Agan Harahap, Redi Murti, Maharani Mancanegara,Muhammad Akbar
Around the end of December last year, I was contacted by Nindityo Adipurnomo and Agnesia Linda and asked to conduct a project at Cemeti Art House. At the time I had no idea what I would do. Only after several meetings and chats – including with Mella Jaarsma – was I able to imagine what I could offer this project. Their most important point was that I could not position myself as a curator, but as a researcher working as a partner or collaborator with the artists involved. Also because of this, there is no specific issue that I could bring or offer to the artist who was to be my working partner.
Collaborations between researchers and artists are not new to Cemeti. This also worried me a little; could it be that this would turn out to be no different from the “Dobrak!” project that was held in the space previously. However, in a conversation with Mella, Nindityo and Linda, we discussed another possibility that they thought could square off this project and differentiate it from “Dobrak!”. In “Dobrak!”, the artist responded to the research of their (researcher) collaborator, but in this project it was different. In fact, it seemed the reverse was true, the researcher was to "respond" the artistic practice and the issues that concerned the artist.
However along the way, I felt dissatisfied with the conclusions from our discussion. If it was a project conducted merely as an antidote for “Dobrak!” it seemed less than spirited. But at that point I began to imaging a more dialogical collaborative working method, where as a researcher I could gain something from the artist and conversely, the artist could gain something from me. That vision manifested as a short proposal titled "Addressing Now", which I eventually presented to the four artists. These four were Redi Murti from Surabaya, M. Akbar and Maharani Mancanagara from Bandung, and Agan Harahap who is now living and working in Yogyakarta.
I acknowledged my short text was still too abstract, and awkwardly composed. Eventually, when I had the opportunity to visit each artists’ studio, I decided to abandon some of the assumptions in my text altogether. I carried on with a few small parts, especially in regards to the working patterns I had proposed. From discussions with each artist, I was able to patch up the weaknesses in the original text. The specifics of each of the four artists’ working processes made me reconsider using a singular approach. I feel that, in order to understand what these four are thinking and practicing, I need a completely different approach.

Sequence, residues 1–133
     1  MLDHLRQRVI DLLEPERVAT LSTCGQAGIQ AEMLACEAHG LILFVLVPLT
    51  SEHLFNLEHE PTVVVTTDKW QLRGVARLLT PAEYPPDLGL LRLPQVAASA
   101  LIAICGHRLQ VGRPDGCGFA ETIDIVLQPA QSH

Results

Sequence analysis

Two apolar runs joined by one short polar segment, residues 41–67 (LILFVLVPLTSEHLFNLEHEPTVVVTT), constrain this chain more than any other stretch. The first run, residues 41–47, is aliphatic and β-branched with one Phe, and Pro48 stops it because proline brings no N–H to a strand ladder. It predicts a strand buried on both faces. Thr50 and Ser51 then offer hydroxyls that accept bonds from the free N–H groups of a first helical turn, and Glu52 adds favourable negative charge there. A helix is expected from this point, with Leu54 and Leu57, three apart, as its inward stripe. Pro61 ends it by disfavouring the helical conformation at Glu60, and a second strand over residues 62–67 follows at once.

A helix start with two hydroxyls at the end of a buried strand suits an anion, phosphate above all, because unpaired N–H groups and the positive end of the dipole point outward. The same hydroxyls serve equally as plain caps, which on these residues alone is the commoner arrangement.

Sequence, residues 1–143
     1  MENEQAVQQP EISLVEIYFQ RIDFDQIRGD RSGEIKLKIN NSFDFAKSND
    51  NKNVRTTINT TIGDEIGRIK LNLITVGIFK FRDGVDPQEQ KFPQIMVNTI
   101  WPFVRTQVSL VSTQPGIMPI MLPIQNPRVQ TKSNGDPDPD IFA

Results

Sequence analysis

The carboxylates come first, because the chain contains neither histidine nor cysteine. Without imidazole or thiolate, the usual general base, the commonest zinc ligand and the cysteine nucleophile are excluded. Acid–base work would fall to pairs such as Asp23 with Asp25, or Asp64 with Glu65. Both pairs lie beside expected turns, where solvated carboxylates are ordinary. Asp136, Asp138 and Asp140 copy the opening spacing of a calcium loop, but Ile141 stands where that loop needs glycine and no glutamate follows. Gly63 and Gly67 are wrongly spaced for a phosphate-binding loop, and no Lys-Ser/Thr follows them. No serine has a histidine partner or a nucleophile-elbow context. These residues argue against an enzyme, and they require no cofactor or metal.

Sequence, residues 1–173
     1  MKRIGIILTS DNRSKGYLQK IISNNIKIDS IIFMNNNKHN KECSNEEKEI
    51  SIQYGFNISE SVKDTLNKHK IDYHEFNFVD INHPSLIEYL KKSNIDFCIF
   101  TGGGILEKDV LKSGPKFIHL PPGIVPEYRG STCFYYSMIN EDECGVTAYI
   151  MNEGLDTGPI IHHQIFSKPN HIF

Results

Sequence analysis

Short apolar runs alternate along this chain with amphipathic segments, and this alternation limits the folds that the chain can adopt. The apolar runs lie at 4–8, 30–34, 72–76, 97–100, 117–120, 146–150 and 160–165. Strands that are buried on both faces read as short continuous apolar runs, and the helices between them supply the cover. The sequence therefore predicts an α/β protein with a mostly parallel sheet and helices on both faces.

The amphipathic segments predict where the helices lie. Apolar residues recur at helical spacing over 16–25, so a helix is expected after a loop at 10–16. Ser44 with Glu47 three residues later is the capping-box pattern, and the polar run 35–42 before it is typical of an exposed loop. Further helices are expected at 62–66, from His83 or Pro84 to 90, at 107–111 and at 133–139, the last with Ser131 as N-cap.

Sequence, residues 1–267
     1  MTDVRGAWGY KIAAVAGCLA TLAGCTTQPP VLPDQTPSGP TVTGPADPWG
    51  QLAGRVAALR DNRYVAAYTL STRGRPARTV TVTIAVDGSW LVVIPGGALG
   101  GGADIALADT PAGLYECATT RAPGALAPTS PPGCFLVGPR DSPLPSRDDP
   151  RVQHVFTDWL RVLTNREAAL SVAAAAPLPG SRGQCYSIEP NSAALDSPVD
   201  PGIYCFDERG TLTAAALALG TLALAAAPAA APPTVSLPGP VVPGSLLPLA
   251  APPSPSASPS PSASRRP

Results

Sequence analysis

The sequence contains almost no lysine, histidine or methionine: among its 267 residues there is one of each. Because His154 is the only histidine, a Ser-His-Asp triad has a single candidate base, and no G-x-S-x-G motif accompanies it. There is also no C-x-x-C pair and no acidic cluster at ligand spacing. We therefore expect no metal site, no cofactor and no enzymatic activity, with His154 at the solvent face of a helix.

I visited the artists' studios equipped with only a few questions, and this actually gave me many opportunities to explore other questions that I had not imagined previously. Firstly, I visited Redi Murti's studio in Surabaya. I had already known Redi for three years. However, I knew very little about his artistic practice thus far. I knew that he is fascinated by Lekra comics, but I learned that it is Wen Peor whom he is most interested in and who is most influential on his graphic comics. Even the scratchy style of marks in his prints and paintings seemed to have been "adopted" from the "scratchy style” pictures on the covers of vintage Chinese books and magazines.
Thus far, there were three main issues that Redi responded to: land disputes, 1965 and China. From these three issues, I have only had opportunity to examine land disputes and 1965. And from these two issues, for this project Redi seemed to be more interested in exploring the issue of land. Redi became interested in land issues when he joined the "Photocopy Militia". Land disputes were also his primary exploration in his Master's thesis during Postgraduate studies at ISI Yogyakarta – in response to the Tambak Bayan case in Surabaya. Redi did not take up “direct advocacy” with his art, but through his activities with the Photocopy Militia – in association with his Tambak Bayan project. Redi recognised the importance of protecting young children's memories of the history of their neighbourhoods in relation to the eviction they were facing. From this discussion we honed in on the issue of the "Green Letter", one of the foundations of land problems in Surabaya, not only in Tambak Bayan, but also other areas in the midst of the city, including Redi’s own family home. Citizens who live on land with "Green Letter" status have no ownership rights over land, only usage rights, because the land is owned by the City Government. Although Redi had learned of the Green Letter from his father when he was in high school, he acknowledged that only really understood the potential dangers when he went to university. This was the issue that he wanted to highlight in this project. For the meantime Redi says he will begin with the same working methods he has always used, while considering other potential working methods that we might be able to conceive together.
Similarly to Redi, Maharani Mancanagara also seems to be interested in developing issues that she has already been investigating; the history of education and the memory of her grandfather. At first I knew very little about the connection between these two worlds, because when I visited Maharani in Bandung it was the first time we had met. I came only with as much information on her artistic practice that I could gain from her portfolio and reviews on the internet, including the journal that she wrote to accompany her final studies at ITB. Rani spoke about many aspects of the history of education, especially in the period of ethical politics, and its relationship to her grandfather. She read the history of Indonesian education from her grandfather's experiences establishing a community school, which was flagged as a 'wild' school by the colonial government.